Ripe and Blooming

Some months ago I read in Quilter’s Companion magazine that the Quilter’s Guild of NSW were running an Under 35s Quilt Competition.  Being more than a little over 35 myself, I mentioned it to Clare.  She was keen, and after reading the requirements and theme of “How Does Your Garden Grow” she started a concept drawing.

Ripe and Blooming - original concept drawing

Then I let her loose on my stash! Clare chose all the fabrics for her project herself, and I was impressed with her appreciation for value, shade, scale and pattern. She started by piecing the background. I gave some minor assistance with the rotary cutter and the iron (although she rapidly took over the ironing) but that was all – absolutely every other stitch and decision related to this quilt is Clare’s.

Ripe and Blooming - pieced background

Once the background was done, it was time for the applique. She started off by cutting out shapes in paper and arranging them, before moving on to cutting and fusing the shapes in fabric.

Ripe and Blooming - petals ready to be appliqued

Clare did what many of us do as they are making a quilt and allowed it to evolve and vary from her original design as she worked. There are elements that she left out, and others that she added. She drew all the shapes free hand, including the fruits. Pretty good for a nine year old! Then before we knew it the applique was done, the quilt sandwich made, and Clare quilted around the appliqued shapes close to the raw edges to give them more definition.

Ripe and Blooming - stitching on the binding

She quilted long diagonal rows through the background, like the rows that you plant in the garden. A number of binding fabrics were auditioned before she decided on a stripe.

Ripe and Blooming - stitching on the binding

A hanging sleeve was added to the back and the final touch was a label that Clare carefully wrote and hand-stitched into place. Ta-da – Clare’s first ever quilt! And just in time too!

Ripe and Blooming - done!

She named it “Ripe and Blooming”.  Clare says “I’m really proud of myself. At first I was taking it slowly then I found there was no time left! I did the last few things quickly but also being careful.”

I’m really proud of her too! Clare has been to many quilt exhibitions with me over the years, and has watched me quilting and listened to my mum and I talk quilts. It’s amazing how much information is absorbed! I did give suggestions and guidance throughout the process, but Clare was fairly definite about what suggestions she was interested in or not and mainly used her own common sense. The competition quilts will be on display this Friday, Saturday and Sunday from 10-4 at The Newington Gallery, Newington College, 221-235 Stanmore Road, Stanmore, New South Wales. If any of my blog readers are planning on going I’d love to see a photo of Clare’s quilt in situ! The winners of each section (Primary, Secondary, 18-24 and 25-34) will be announced on Saturday. Fingers crossed for Clare – but whether she wins anything or not, she’s definitely a winner with designing, planning, cutting, piecing, sewing, quilting, and binding this wonderful quilt all on her own at age nine!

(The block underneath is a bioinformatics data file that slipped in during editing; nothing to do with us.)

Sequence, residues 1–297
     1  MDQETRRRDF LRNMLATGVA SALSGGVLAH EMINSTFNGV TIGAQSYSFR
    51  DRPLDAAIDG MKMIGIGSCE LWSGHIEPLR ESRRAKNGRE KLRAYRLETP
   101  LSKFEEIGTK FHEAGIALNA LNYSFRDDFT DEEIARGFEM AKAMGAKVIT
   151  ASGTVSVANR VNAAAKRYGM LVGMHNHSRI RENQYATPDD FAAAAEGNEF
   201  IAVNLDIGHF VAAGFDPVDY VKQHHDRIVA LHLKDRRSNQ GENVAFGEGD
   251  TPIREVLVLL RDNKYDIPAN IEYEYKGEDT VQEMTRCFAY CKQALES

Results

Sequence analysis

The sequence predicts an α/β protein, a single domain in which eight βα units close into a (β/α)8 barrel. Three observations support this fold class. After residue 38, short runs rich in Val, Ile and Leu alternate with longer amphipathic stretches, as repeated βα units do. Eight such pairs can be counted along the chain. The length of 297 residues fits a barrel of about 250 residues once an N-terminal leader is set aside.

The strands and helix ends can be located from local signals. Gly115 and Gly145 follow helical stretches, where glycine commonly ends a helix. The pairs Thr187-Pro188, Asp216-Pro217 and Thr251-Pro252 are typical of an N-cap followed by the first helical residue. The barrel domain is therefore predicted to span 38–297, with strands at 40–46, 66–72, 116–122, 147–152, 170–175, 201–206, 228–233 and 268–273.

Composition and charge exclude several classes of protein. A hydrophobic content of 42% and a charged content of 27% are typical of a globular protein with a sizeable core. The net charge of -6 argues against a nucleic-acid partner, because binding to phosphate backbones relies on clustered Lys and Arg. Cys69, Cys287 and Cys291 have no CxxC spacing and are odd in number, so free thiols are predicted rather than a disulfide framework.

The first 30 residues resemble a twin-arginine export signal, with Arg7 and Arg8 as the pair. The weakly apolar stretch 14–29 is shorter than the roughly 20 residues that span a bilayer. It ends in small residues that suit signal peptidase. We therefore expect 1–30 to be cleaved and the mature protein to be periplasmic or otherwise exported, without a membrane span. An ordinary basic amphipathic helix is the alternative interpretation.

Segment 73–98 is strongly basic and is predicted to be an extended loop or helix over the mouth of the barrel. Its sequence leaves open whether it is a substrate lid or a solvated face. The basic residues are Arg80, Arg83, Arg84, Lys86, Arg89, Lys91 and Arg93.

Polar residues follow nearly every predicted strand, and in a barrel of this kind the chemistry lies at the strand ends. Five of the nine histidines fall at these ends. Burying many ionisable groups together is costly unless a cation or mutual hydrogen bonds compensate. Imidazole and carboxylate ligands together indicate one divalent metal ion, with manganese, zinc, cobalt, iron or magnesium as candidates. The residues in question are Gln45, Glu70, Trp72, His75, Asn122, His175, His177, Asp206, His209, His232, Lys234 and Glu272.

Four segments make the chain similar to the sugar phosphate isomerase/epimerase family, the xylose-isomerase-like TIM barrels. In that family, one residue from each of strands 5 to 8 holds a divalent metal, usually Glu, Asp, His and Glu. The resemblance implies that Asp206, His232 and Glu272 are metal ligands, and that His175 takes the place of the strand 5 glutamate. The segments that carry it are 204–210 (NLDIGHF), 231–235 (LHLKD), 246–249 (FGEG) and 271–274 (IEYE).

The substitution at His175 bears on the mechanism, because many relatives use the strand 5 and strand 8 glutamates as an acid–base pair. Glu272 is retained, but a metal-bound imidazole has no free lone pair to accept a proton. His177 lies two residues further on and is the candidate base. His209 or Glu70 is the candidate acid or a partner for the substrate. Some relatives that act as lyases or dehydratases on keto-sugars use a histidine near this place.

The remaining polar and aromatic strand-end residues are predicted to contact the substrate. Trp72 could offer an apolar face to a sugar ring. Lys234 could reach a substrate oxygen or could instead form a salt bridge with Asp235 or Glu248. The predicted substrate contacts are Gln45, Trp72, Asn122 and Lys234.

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45 thoughts on “Ripe and Blooming

  1. OMG you must be so proud Lara! Claire, you are a very clever quilter. No matter what the outcome of the ‘competition’ you have achieved something that some people aspire to but never achieve in a lifetime. Well done. You have made my heart sing!

  2. That is an amazing achievement for a 9 year old! It looks fabulous.

    I hate to admit it, but I’m 44 and – despite many good intentions – I still haven’t got round to making a quilt. So she really has shown me up.

    Hope she’s proud of herself!! Well done, Claire!

  3. Oh Lara – how simply fantastic! Seeing Clare at work on her quilt just makes my heart sing ( and my nose get a little bit scrunchy). How right you are to feel so proud – she’s a star.

  4. Well congratulations Clare, this quilt is simply magnificent.
    Whether you win a prize or not, the fact that you obviously enjoyed each step in the quilts making is the most important thing.
    Be very, very proud of your achievment :-)

  5. Great job Clare, Well done on letting it evolve, and creating something so lovely. Message from the teacher at my house “her textile teacher will be driven mad, because they will have nothing left to teach her!”

  6. Wow! That quilt is amazing. In so many ways. Just gorgeous. I am always in awe of artistic creativity, and to see talents so promising in one so young, I’m about falling out of my rocking chair. I hope she keeps designing and quilting and sharing with us. Wow.

  7. Wonderful job Clare!! I’ll take some photos of your quilt tomorrow for you. I love the way your quilt evolved and that you also made changes along the way as you changed your mind, sometimes what we have planned doesn’t always work. It happens to me all the time. Good luck tomorrow and I look forward to seeing your quilts in the Shows in years to come!

  8. Pingback: in progress (and a huge thank you) « thornberry

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